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I have shot down a proud enemy ~Carl Jung
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The Red Book

Carl Jung; Red Book; Illustration 121.

Truly; I have shot down a proud enemy; I have forced a greater and stronger one to be my friend. Nothing should separate me from him, the dark one. If I want to leave him, he follows me like my shadow. If I do not think of him, he is still uncannily near.
He will turn into fear if I deny him. I must amply commemorate him, I must prepare a sacrificial meal for him. I fill a plate for him at my table. Much that I would have done earlier for men, I now must do for him. Hence they consider me selfish, for they do not know that I go with my friend, and that many days are consecrated to him. But unrest has moved in, a quiet underground earthquake, a distant great roaring. Ways have been opened to the primordial and to the future. Miracles and terrible mysteries are close at hand. I feel the things that were and that will be. Behind the ordinary the eternal abyss yawns. The earth gives me back what it hid. ~Carl Jung; Red Book

228 In 1944 in Psychology und Alchemy, Jung referred to an alchemical representation of a circle quadrated by four “rivers” in the context of a discussion of mandala symbolism (CW 12, §167n). Jung commented on the four rivers of paradise on a number of occasions-see, for instance, Aion, CW §§2, 9, 3II, 353, 358, 372.

Footnotes from The Red Book:

229 Inscription: “XI. MCMXIX. [II. 1919: This date seems to refer to when this image was painted.] This stone, set so beautifully, is certainly the Lapis Philosophorum.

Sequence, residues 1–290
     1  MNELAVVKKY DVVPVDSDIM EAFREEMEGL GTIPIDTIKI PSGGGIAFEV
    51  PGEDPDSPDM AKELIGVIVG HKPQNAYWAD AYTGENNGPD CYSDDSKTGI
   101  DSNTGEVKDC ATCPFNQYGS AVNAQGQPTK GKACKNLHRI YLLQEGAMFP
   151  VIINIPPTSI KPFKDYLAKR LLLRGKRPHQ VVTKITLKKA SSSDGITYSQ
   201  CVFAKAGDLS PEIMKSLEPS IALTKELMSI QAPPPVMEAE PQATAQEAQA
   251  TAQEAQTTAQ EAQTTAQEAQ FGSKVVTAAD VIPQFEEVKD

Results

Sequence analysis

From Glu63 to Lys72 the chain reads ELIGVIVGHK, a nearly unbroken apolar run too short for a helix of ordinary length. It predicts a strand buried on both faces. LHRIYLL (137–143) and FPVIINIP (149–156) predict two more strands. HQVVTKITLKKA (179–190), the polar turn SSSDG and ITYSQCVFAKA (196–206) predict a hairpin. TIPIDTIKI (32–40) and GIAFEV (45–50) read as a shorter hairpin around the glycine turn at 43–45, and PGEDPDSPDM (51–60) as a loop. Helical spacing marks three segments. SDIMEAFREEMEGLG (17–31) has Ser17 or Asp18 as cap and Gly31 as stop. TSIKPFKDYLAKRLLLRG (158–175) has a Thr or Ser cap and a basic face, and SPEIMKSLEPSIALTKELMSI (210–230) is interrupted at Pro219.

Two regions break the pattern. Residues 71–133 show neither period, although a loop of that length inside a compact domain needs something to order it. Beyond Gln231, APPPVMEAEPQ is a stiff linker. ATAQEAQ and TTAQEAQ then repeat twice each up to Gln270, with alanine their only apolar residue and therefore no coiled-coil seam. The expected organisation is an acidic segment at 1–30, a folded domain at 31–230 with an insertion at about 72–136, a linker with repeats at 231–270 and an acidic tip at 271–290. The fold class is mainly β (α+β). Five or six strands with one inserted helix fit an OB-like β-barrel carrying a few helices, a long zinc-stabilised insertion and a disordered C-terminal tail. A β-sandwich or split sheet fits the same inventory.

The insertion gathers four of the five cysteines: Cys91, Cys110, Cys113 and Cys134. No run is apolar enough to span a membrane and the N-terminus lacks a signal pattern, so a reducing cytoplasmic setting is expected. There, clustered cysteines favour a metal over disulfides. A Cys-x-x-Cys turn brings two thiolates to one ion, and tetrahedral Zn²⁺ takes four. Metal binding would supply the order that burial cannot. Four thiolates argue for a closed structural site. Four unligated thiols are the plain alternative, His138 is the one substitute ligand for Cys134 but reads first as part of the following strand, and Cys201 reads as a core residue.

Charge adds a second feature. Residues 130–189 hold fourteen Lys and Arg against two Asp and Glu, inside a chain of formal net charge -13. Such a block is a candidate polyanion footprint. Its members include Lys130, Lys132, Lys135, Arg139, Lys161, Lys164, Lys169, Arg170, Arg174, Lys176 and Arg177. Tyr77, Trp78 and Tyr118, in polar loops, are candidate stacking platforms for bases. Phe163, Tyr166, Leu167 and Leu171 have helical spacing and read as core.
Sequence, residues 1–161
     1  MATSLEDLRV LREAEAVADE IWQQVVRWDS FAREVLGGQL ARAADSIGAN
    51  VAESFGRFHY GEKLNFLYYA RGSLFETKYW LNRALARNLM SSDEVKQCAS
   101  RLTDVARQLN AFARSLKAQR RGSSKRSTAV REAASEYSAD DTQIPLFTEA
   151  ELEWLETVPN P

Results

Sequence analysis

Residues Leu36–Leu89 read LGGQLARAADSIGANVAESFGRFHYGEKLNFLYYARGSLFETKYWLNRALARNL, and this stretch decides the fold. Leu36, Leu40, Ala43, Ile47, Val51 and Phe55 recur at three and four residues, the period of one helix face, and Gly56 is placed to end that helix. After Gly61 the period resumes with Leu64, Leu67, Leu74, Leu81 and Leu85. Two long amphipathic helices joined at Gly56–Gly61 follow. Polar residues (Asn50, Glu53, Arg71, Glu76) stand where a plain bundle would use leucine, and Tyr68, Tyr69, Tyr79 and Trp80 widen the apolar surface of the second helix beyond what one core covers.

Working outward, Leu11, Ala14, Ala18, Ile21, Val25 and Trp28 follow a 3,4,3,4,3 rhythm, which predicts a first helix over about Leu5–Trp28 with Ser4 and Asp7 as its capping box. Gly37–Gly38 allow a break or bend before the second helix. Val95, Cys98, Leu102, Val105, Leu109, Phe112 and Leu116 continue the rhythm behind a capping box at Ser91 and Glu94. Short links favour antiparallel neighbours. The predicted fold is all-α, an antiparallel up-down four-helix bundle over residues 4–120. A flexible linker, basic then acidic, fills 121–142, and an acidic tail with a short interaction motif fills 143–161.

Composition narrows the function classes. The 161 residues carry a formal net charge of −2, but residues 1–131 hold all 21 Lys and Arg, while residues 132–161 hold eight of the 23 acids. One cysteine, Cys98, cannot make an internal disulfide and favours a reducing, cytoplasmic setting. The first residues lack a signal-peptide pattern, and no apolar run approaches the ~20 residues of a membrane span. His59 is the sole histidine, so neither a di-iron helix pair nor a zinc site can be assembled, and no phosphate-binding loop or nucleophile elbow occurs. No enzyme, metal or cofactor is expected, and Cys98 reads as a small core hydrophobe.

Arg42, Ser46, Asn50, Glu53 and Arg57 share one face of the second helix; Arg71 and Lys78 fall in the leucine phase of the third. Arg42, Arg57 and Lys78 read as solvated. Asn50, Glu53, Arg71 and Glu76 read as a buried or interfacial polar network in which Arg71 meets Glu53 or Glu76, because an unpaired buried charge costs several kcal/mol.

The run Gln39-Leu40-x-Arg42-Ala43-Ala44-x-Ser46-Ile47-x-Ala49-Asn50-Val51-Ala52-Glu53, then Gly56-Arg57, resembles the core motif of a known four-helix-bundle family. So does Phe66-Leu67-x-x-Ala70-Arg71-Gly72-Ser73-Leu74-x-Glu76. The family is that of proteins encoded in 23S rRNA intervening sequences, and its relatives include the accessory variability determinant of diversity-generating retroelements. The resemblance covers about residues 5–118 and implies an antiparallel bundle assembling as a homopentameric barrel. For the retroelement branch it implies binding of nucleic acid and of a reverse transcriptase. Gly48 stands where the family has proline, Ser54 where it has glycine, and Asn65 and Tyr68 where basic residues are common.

It is harder than diamond. But it expands into space through four distinct qualities, namely breadth, height, depth, and time. It is hence invisible and you can pass
through it without noticing it. The four streams of Aquarius flow from the stone. This is the incorruptible seed that lies between the father and the mother and prevents the heads of both cones from touching: it is the monad which countervails the Pleroma.” On the pleroma, see below p. 347- Concerning the reference to the incorruptible seed, see the dialogue with Ha in the note to image 94, p. 297, n. 157 above.

230 On June 3,1918, Jung’s soul described Philemon as the joy of the earth: “The daimons become reconciled in the one who has found himself who is the source of all
four streams, of the source-bearing earth. From his summit waters flow in all four directions. He is the sea that bears the sun; he is the mountain that carries the sun; he is the father of all four great streams; he is the cross that binds the four great daimons. He is the incorruptible seed of nothingness, which falls accidentally through space. This seed is the beginning, younger than all other beginnings, older than all endings” (Black Book 7, p. 61). Some of the motifs in this statement may have some connections with this image. There is a gap between July 1919 and February 1920 in Black Book 7, during which time Jung was presumably writing psychological Types.

On February 23 he made the following entry: “What lies between appears in the book of dreams, but even more in the images of the red book” (p. 88). In “Dreams”
Jung noted around eight dreams during this period, and a vision at night in August 1919 of two angels, a dark transparent mass, and a young woman. This suggests
that the symbolic process continues in the paintings in the calligraphic volume, which do not appear to have direct cross-references to either the text in Liber Novus
or the Black Books. In 1935, Jung put forward a psychological interpretation of the symbolism of medieval alchemy, viewing the philosopher’s stone-the goal of the
alchemical opus-as a symbol of the self (Psychology and Alchemy, CW 12).